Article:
I’ve always wanted to take part in a traditional food cooking class during my travels, but there’s always been some sort of impediment- either I convinced myself that maybe it’s not worth it, or maybe it’s not fun enough, or that the day would be better spent visiting something else. You see, it’s not only worth it, but it’s super fun and it’s a must to make time for this! Moreover, you’ll be exercising your cooking skills making something useful and creative AND you’ll be meeting new people from all over the world.

So one month before travelling to Poland I sat down and researched on TripAdvisor and Facebook everything I could about cooking classes in Warsaw. I really took the time and went through each and every review that was posted, making a note of which cooking class was deemed as the most spectacular. Because I wanted to pick the best, I also made sure to check their websites and get as much information as possible beforehand.

Found it, liked it, booked it.

The big day

How should I put this, I was extremely excited for this cooking class. I already knew the menu by heart. I also made sure not to eat too much the day before so I could really enjoy what we were going to cook. Happy to say, that was a smart decision!

The class takes place in one of the upper levels of a multistory communist-looking building. The building doesn’t look like much and it might seem a bit weird to navigate it, but just follow the arrows from the hallways and you’ll end up right at the elevator which will take you to the Polish Your Cooking location.

Once there, we were very warmly welcomed by Magda, sat down for some tea and waited for the rest of the class participants. We would later find out that a group of tourists from Brasil, Israel and Cyprus would be joining us. Seemed like they were on a food tour of Poland. One of them complained that wherever he went in Warsaw to get something to eat, he left hungry. Well, the joke was on him, because at the end of the class there was so much food he could not eat all of it. This is just so you know what kind of “hunger level” you should expect to satiate at one of Magda’s workshops.

During the class

The classroom is very well organised and equipped. We grouped two by two under Magda’s careful supervision along the big platform with the 8 working stations and started cooking in an atmosphere of cheerfulness, liveliness and glee as our chef was telling us the history of how she became the great cook that she is today.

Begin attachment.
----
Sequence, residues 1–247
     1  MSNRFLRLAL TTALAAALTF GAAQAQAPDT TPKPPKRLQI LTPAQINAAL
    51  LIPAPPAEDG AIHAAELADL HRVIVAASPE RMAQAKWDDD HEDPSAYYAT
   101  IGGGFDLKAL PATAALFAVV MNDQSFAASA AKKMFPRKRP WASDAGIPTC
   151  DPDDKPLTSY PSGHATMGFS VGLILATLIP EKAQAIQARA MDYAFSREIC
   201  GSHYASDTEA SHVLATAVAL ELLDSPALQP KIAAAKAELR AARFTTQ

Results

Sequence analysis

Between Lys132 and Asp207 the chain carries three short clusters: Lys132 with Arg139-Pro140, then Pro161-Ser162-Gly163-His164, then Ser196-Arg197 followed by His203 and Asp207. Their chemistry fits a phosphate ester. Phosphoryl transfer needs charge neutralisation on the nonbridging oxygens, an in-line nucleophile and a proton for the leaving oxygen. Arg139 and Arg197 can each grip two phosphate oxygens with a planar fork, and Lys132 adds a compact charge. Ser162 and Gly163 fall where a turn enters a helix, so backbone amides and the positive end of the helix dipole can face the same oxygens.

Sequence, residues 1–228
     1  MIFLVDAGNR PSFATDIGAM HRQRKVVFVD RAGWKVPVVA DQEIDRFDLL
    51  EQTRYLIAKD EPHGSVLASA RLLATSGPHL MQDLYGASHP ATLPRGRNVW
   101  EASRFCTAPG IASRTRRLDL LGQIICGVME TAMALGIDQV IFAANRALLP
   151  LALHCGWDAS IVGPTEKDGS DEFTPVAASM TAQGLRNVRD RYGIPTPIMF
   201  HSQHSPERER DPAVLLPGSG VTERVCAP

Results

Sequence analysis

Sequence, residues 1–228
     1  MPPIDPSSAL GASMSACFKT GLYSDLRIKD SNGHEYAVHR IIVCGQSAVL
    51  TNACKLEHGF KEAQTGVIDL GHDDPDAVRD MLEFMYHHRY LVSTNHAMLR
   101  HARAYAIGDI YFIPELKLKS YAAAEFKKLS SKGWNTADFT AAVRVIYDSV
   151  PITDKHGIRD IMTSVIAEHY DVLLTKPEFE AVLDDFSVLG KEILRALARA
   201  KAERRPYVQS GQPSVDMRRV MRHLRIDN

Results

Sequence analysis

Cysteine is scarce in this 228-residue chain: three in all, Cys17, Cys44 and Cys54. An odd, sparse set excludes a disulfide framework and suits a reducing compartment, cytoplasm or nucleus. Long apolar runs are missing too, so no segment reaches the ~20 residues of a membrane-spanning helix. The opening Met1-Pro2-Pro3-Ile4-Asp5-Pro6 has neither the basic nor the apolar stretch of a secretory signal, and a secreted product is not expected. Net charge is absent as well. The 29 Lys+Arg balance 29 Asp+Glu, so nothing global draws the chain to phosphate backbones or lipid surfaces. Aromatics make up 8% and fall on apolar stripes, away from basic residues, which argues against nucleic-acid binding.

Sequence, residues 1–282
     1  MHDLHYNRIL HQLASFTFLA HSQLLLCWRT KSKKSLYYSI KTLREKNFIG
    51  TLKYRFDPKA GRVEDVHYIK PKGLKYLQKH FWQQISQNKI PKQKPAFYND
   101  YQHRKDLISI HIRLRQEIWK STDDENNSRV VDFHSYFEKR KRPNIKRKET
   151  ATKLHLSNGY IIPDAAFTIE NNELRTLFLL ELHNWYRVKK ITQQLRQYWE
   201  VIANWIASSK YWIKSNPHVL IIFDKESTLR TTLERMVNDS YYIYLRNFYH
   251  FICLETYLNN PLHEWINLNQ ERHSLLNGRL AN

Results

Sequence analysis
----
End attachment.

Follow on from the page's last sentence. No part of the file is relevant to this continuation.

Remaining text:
Traditional food in Warsaw, Poland
The cooking class from Polish Your Cooking in Warsaw, Poland
Traditional food in Warsaw, Poland
The cooking class from Polish Your Cooking in Warsaw, Poland

What did we cook? Well, let me tell you!

As an appetizer, we had a herring tartar neatly tucked between apple slices. This is a traditional Christmas/New Year family dinner food in Poland. More than the final product, each of the participants’ reactions was priceless. We ended up with toppled lop-sided, bottomless apples but they were eatable and that is what matters!

Bonus: on the house, we got a cheese, cured meats, homemade bread and pickles tasting. All of them sourced locally.

Traditional food in Warsaw, Poland
Traditional Polish cheese, meats and homemade bread.

Fun fact: we discovered, on this occasion – if it was even necessary – how much we Eastern Europeans are alike from a culinary point of view. We prepare meats and pickles pretty much the same way as they do – I had some sausages and pickled cucumbers and I felt just like home.

So, next, we started working on the main course: the world famous pierogi. The highlight. Pierogi are a somewhat similar to Chinese dumplings, allegedly brought to Europe through Italy by Marco Polo’s expeditions in China. In Poland, it’s possible that they arrived through the Russian connection, as Magda was telling us. Only after I got home and researched them more thoroughly I realised that we also have them in the Romanian cuisine – another shared piece of food between our nations.

Traditional food in Warsaw, Poland
Pierogi plating suggestion: with cream, caramelized onions or melted butter.

Making pierogi is an easy job, especially when you are guided by someone who’s been cooking them since she was 16. My biggest “fear” – which I finally overcome – was to prepare the dough. I’ve never been a big fan of it. Feels dirty. So, for those like me – and I am happy I wasn’t the only one – there is a solution: surgical gloves! From that point onwards I was in my element, like fish in the water. So much in my element, that our pierogi were unanimously deemed as the best looking and the tastiest and our plate went around the table so everyone could have a bite. I had my Oscar moment right there.

The second part of the main course was the Polish Rump steak with a side of Polish Gnocchi. You take some minced meat, shape it like you would for a hamburger and put it in the frying pan. Then, from the mix of potatoes with eggs and flour, you shape the gnocchi somewhat smaller than a ping pong ball and you make a small indent in them using your little finger. Set them to boil and when they rise up they’re done, just add the melted butter and they’re good to go. Fan-tas-tic. Obviously, I like to believe that mine were the best looking ones, I and my small finger seem to be making a good team.